One of the areas that Commatech attempted to improve the FKMINI, was by updating the shell design to create more even clicks between mouse1 and mouse2. I’ve never owned an FKMINI V3 (or any previous version of the FKMINI for that matter) so while I cannot comment on the improvement from one edition to the next, I can say that the left and right clicks feel close to being even. If nitpicking, mouse1 might be a tad stiffer than mouse2, but they truly are very similar. The shell has a split button design which is nice, and the switches are Omron D2FC-F-7N. The wheel is rather light to scroll, but has decently distinct steps to it. The middle mouse click I would classify as having a medium stiffness – pretty much middle of the road for most mice I’ve tested.
COATING / BUILD QUALITY
The FKMINI2 comes in three colors: white, silver, and black. I have not touched the white or silver versions myself, so while I’m unsure whether or not they’re a glossy finish, I can say that they are not matte. The only version with a matte coating is the black one, and in my opinion it has a slightly rubberized texture to it that I find to be very nice. The sides are also updated with a honeycomb textured plastic that was so nicely done, I almost thought it had rubber grips at first touch. The coating of the matte black FKMINI2 is quite exceptional. Build quality also feels very nice, especially with the internal weight removed. When reattaching the top and bottom shell with the two external screws, I noticed that the tightness of which the screws were reassembled had zero effect on the stiffness of the mouse clicks. On many mice, screwing the shell together more tightly / loosely can directly affect the quality of the clicks – this did not happen at all with the FKMINI2, which was nice to see. Overall the build quality feels great, however there is a slight rattling when shaking the mouse. It is not the mouse wheel (the wheel is rock solid) so my guess is that it’s the plastic lens holder, although I am not 100% certain. (EDIT: I figured out where the rattling was coming from. It was not the plastic lens holder. It was actually the two small switches to change DPI / Hz on the bottom of the mouse. I do not think this is a big deal at all
, however I thought I would clarify for those curious).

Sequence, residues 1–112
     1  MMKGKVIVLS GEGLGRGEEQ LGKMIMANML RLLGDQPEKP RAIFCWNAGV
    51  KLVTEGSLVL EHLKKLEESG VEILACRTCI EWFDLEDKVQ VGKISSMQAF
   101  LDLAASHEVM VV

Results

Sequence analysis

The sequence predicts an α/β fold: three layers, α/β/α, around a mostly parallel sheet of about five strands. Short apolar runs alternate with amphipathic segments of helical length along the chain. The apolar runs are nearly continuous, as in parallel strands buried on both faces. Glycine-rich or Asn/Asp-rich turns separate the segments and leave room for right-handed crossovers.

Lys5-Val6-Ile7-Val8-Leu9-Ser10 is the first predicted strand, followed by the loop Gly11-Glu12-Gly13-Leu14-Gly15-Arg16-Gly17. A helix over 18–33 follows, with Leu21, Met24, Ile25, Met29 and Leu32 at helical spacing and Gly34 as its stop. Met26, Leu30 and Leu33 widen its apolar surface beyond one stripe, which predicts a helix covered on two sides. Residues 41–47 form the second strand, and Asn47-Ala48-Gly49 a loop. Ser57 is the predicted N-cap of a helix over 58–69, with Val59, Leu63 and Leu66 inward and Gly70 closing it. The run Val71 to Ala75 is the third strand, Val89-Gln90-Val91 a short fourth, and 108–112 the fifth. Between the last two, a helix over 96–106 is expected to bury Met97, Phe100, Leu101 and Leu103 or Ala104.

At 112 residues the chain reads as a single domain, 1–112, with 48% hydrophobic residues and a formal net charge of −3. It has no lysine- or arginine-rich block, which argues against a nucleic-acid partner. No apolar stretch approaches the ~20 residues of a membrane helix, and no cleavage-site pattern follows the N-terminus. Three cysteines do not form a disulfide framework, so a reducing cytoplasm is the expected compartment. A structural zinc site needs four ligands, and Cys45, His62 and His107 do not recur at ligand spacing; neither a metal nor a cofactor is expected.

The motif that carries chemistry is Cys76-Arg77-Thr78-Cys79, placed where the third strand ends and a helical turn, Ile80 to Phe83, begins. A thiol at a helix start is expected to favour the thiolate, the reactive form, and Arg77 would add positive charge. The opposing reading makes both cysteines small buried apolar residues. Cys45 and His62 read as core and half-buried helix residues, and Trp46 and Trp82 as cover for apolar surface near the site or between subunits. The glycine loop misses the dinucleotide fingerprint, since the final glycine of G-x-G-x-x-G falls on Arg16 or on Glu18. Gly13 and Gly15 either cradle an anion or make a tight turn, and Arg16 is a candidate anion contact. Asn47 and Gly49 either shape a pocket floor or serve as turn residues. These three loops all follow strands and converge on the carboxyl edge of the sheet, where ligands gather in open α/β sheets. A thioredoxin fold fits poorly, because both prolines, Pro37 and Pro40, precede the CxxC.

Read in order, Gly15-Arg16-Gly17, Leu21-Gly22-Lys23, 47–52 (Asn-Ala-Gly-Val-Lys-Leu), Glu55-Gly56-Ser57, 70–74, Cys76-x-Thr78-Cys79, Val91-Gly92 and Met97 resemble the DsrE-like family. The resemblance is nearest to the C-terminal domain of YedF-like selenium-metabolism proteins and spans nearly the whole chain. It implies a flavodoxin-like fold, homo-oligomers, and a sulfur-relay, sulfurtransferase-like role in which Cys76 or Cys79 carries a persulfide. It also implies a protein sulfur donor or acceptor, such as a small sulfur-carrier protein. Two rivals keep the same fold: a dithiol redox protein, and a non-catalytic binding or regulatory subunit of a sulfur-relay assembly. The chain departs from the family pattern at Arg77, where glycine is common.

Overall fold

SENSOR / DPI / HZ
The last generation of the FKMINI (V3) had the A3090 sensor. The FKMINI2 has now been upgraded to the 3325. The DPI / Hz setup is unique, in that they are changed with switches at the bottom of the mouse (Low / Mid / High) however there are more than 3 total steps. On the PCB itself, you can manually adjust what values are assigned to the Low, Mid, and High options respectively. The possible setups are 800 or 1000 for Low, 1600 or 1800 for Mid, and 3500 or 5000 for High. I did tell Commatech that many FPS players might appreciate the classic LMO shape with a 3360 sensor. They took my feedback into consideration, but I do not have any info as to whether or not an upgrade like this might happen one day.
The FKMINI2 is certainly an upgrade over its previous iterations. The shape, weight, and coating are all fantastic on this mouse, and the feet / cable are easily replaced if desired. While the 3325 may not be the top sensor available, I feel like those that appreciate the classic LMO shape might be more forgiving of what sensor is inside. While I do not know the retail price yet myself, I have heard that it will be similar to the previous generations. This means that it will be incredibly affordable, but shipping may take some time as it comes from Asia. I think the choice to purchase this mouse really comes down to individual preference of shape. If you’re looking for a small lightweight mouse, with flat sides and the classic LMO shape, then the FKMINI2 should be a strong consideration.